Granite Noir Q&A with Lesley Anne Rose, Head of Artistic Development at Aberdeen Performing Arts
With only a week to go before the start of Granite Noir, I am delighted to welcome Lesley Anne Rose to my blog to talk about this awesome festival in Aberdeen. Check out the programme, there’s still time to get there…
How long has the festival been going and what was the inspiration behind setting it up?
Granite Noir is about to enter into its second year. Aberdeen Performing Arts produces the festival in partnership with Aberdeen City and Aberdeenshire Archives, Aberdeen City Libraries and the Belmont Filmhouse. It’s a fantastic opportunity for us to work in this way with other cultural partners across Aberdeen, to increase impact, share ideas and forge strong working relationships. Granite Noir aims to root itself in the North-east and working in this way across the city is the first crucial step in making this happen before we even think about the programme or events.
Tell me a little about your role in the Festival?
As Head of Artistic Development at Aberdeen Performing Arts, I’m responsible for producing the festival and steering it on an artistic track that ensures the festival forges a distinctive identity and programmes and commissions high quality events. We work with a freelance programmer to book the authors and chairs and create the ‘in conversation’ events that shape the main backbone of the programme. Around these we create one off events, late night sessions, exhibitions, workshops for all ages and opportunities for North-east writers to read and have their work profiled.
Granite Noir is also a festival that commissions and I look after all of the commissions including contracts, rights, overseeing the creation and exhibition or performance of the work.
Has the festival grown much over time? How many people are you expecting to attend this year?
Granite Noir is only two years old. Already this year we have outsold the total number of tickets we sold for the whole of the festival last year – a number of events we could have sold out many times over. Our author conversations and workshops will clock up around 2,000 sales, however, it’s the festival’s exhibitions, events and commissioned work that really push up numbers.
This year we worked with SPECTRA to co-commission a projection mapped artwork onto the façade of His Majesty’s Theatre. According to SPECTRA’s figures this was viewed by 91,000 people. This is another example of how Granite Noir aims to work with other cultural providers in the city to maximize the impact and potential of both of our work.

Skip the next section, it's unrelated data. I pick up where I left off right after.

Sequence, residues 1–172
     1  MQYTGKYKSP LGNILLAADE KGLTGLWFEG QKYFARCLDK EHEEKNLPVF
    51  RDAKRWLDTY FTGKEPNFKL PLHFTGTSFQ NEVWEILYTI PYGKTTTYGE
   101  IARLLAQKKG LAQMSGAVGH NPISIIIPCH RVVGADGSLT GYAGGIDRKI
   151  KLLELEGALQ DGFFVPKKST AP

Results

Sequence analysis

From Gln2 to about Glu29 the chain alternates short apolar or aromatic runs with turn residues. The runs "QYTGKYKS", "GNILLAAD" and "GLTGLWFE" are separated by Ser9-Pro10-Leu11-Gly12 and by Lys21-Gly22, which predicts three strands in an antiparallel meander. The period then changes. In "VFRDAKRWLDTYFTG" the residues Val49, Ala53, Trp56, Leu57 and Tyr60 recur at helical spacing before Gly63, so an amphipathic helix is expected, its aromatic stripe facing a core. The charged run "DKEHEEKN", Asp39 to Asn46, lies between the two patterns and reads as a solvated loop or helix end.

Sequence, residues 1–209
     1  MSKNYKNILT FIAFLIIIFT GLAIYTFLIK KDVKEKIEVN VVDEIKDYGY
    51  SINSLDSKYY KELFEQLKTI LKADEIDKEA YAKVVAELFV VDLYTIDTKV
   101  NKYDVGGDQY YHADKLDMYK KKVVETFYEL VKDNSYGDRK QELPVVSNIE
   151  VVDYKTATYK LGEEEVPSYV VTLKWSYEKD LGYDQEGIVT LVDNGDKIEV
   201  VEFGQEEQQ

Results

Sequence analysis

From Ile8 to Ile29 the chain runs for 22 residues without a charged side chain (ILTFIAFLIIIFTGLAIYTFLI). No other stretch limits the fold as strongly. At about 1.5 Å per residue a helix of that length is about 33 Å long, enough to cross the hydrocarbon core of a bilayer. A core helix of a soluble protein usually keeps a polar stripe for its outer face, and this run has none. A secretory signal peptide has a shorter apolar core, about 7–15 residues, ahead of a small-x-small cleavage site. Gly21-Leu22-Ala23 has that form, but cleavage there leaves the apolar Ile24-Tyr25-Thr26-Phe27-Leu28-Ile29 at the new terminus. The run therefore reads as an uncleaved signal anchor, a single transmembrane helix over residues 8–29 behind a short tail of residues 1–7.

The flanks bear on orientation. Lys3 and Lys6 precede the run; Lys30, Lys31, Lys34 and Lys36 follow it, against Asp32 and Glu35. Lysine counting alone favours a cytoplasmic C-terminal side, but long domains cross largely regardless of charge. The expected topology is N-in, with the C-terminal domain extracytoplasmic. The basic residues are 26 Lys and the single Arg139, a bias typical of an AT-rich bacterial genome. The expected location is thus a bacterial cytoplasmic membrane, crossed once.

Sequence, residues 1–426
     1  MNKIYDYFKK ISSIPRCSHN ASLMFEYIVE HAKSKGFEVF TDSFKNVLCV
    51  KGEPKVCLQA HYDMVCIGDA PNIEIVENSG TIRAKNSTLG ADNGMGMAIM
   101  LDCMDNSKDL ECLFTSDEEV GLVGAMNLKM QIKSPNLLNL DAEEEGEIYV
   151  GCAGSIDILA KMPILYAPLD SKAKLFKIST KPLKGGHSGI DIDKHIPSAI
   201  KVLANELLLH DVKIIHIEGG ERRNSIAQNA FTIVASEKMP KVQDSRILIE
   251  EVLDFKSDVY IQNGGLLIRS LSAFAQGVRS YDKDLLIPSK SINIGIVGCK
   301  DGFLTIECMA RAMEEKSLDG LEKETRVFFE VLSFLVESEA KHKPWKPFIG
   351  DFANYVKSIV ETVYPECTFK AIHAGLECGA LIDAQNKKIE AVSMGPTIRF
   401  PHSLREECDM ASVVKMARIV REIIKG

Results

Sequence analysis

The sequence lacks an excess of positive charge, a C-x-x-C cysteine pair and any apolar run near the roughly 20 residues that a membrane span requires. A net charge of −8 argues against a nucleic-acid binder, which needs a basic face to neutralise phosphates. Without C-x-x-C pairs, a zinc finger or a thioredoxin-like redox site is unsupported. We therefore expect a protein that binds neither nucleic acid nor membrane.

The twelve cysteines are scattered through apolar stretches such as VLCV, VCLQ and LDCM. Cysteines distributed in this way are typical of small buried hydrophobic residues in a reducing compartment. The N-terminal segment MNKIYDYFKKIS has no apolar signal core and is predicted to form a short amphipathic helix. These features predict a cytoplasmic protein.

Also our Crime Scene Aberdeen exhibition has already registered thousands of people expressing an interest via Aberdeen Archive’s social media account.
Last year we received visitors from as far afield as Southampton and Gloucester to the festival, some of whom are heading back this year.
We also received press interest from New Zealand and North America last year as this has been one of the incentives to set up Granite Noir TV this year through which anyone can access the festival online. We’ll be releasing more information on this shortly.
How do you see Granite Noir developing over the next few years? What comes next?
Granite Noir is a festival that listens to feedback and we’ve created a couple of new strands of programming this year in response to comments received last year. For example, people wanted more evening events so we have curated Late Night Noir in the Lounge this year.
We are forging ever stronger relationship with Scandinavia through our Nordic Noir programme which we feel is one of the things that makes the festival stand out. We are interested to see where this goes over the coming year as well as forging further international partnerships.
Just a few of the great authors at this year’s festival
How do you think Granite Noir complements Bloody Scotland? Do you work together?
Granite Noir has a great relationship with Bloody Scotland. Both festivals have their own distinct style and personality that perfectly complement each other. Granite Noir is proud to make a stand in ‘the north’ – geographically, psychological and artististically in a way that no other current crime writing festival in the UK can. We’re the only one with a granite soul to ground us and the northern lights to inspire us.
If you could only attend one event yourself this year, which would it be?
I’m really excited to see the work in progress sharing of FOLK a new musical play and contemporary folktale that the festival has invested in the development of. FOLK is a story of faith and love – exploring human existence in our modern world. One of the creative team behind the work is Alan McHugh, better known as our annual pantomime dame at His Majesty’s Theatre. We are really enjoying working with him outside of panto. FOLK is only at work in progress stage, so this event will also be an opportunity for audiences to have their say in where they think the work should go from here.
And finally – how are ticket sales going? Anything yet sold out?
Tickets are flying out of box office. Many events are already sold out and could have done so many times over. The festival’s Poisoned High Tea sold out within 24 hours of going on sale.
My thanks to Lesley Anne for taking the time out from her hugely busy schedule to speak to me. I can’t wait for next Friday to get here, there are some fabulous authors attending and a whole slew of fantastic panels and events.
For a taste of some of the books you can check out my reviews here on the blog, or have a read of Sarah Ward’s blog, Crimepieces